“Atheism is rather in the lip, than in the heart of man, than by this; that atheists will ever be talking of that their opinion, as if they fainted in it, within themselves, and would be glad to be strengthened, by the consent of others….” (Francis Bacon, 1561-1626)
That is not a trick question. Atheism to have any intellectual standing in the world must be studied, like any other subject.
The stumbling block for doing this, most atheists will allege, are those pesky Christians whose pet cause is getting religion (or approved religion-substitutes, like “moments of quiet reflection” or post-school-day Bible study), back into the schools.
But that’s half the picture. The biggest obstacle to atheism being taught is that atheists have not claimed their subject matter, defined it adequately, or put it forward as anything other than being “not religion.”
It is difficult to teach “not”-subjects. Not-physics could be English, rollerblading or chiropractic services. It could be anything, as long as it’s not Physics. Defining a thing by its not-ness is not very helpful.
That is why the tired taunt against the unbeliever has been and still is, “So, what do you believe in then?” Stammer, cough.
Part of the issue is that atheists are too much foxhound and too little fox. They know when religious folk are trying to sneak religion into a conversation or a curriculum, under the guise of creation science or moral and spiritual development. But their lawsuits, protests, and cries of foul play and Unconstitutionality (whatever that hackneyed phrase may yet mean in this wretched age) seem as hollow as St. Peter’s dome. I mean the basilica.
But at least the Righteous majority, in America anyway, know exactly what they would like to see: stories about prophets and patriarchs, miracles and manna in the desert, Jesus speaking parables to the multitudes, and just a tiny, condescending nod to the millions of people who aren’t Christian yet but who have some interesting if basically wrong ideas–and (perhaps too much to hope) a nice nonsectarian prayer that ends, “In Jesus Name we pray, Amen.”
There is content there, even if the Constitution forbids its propagation as “learning.” And there is history. The religious rightists can also point to an imaginary golden age when Protestant America had no notions or plans to change its essentially doctrinal view of abortion, homosexuality, gender roles and the virtue of private wealth. So what if Johnny couldn’t read? At least he could pray and knew how to wash behind his unpierced heterosexual ears.
Nothing is more clear to the straight-thinking religious majority than that the obstruction of religion by people who don’t read the Bible leads to confusion, and confusion leads to–well, Barack Obama and terrorism.
It is true, of course, that the infinite jest of the religious right is enough to keep any self-respecting unbeliever busy with taunts, jabs, and protests.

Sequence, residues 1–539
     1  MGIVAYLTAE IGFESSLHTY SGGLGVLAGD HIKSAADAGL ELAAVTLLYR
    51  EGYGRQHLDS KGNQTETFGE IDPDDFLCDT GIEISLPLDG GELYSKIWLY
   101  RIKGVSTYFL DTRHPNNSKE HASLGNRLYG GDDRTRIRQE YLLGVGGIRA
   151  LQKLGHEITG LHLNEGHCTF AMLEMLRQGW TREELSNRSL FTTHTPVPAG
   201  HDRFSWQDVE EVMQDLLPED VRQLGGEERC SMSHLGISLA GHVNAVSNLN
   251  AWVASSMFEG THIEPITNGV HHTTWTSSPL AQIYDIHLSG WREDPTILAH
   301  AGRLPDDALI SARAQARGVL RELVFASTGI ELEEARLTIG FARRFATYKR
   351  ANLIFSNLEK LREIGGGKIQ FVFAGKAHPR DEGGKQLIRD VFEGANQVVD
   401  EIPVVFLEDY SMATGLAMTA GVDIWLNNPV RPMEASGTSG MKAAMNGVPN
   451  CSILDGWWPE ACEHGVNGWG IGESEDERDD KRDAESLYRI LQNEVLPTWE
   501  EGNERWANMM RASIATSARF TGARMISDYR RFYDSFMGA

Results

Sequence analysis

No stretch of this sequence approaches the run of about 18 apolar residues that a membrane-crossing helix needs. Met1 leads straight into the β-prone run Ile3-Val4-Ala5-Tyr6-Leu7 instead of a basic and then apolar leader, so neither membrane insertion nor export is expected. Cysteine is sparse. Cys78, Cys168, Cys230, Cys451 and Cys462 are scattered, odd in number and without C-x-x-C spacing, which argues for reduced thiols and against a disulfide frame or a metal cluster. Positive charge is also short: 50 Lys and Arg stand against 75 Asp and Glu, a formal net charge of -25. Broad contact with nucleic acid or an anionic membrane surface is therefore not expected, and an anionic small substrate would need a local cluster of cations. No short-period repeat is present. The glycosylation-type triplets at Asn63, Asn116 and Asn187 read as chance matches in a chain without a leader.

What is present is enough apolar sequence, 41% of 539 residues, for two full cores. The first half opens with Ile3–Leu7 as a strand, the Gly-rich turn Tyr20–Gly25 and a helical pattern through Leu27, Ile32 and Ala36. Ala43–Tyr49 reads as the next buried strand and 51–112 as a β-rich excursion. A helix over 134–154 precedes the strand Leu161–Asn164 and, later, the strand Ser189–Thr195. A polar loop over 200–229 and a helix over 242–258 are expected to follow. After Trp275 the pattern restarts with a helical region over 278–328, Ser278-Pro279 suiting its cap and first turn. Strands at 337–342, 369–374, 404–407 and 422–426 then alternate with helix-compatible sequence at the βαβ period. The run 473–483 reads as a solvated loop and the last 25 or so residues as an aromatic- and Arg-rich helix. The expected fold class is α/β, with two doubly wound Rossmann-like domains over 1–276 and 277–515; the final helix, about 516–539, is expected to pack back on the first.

In my view, that’s about all atheists have managed to do in the last hundred years.
That is because atheists have grown intellectually fat and lazy, enamored of the quaintness and minority rectitude of their opinion, careless about their targets and goals, gibberishical about their “values” and ideas, many of which are indistinguishable from anybody else’s liberal ideas. Except, perhaps the God part–the not-part.
In fact, the whole faith-versus-unbelief debate is askew.
The righteous and the right-minded have chosen to draw their battle-line on the map of myth. Yet both sides know that the trigger-question is not whether Genesis is “true” but whether the possibility of a being like God is true. The believer, if he is a profound Christian, says simply yes, because the story is true, it being validated by the power and authority whose story it is. This is not the time to drag out a logic primer or a copy of The God Delusion. Quantum physics? Forget about it.
It is time to be foxier than that. If the answer is yes, because the story says so, then the job of education (something atheists claim to care about) is to examine stories about gods. Not just the one in Genesis–all the stories.
And the job of education, and the goal of knowledge, is to find a real method–historical, scientific, critical, the same kind we use in other subjects–for sorting out true stories and false stories. In other words, Genesis can only be “true” to the extent it is certifiably different from, say, this:
Upon that desire arose in the beginning. This was the first discharge of thought. Sages discovered this link of the existent to the nonexistent, having searched in the heart with wisdom.
Their line [of vision] was extended across; what was below, what was above? There were impregnators, there were powers: inherent power below, impulses above.
Who knows truly? Who here will declare whence it arose, whence this creation? The gods are subsequent to the creation of this. Who, then, knows whence it has come into being? (R’g Veda, ca. 2100BCE)
And since difference, on its own, is no hallmark of truth (think of a Rembrandt oil and a copy of a Rembrandt oil), there must be other methods for finding out what the real story is, and which story, if either, has a foundation in reality–reality as non-delusional people understand the term.
The story of God in Genesis is no more a proof of the existence of God than the existence of Dumbledore in the Harry Potter saga is proof of the existence of a master-wizard headmaster.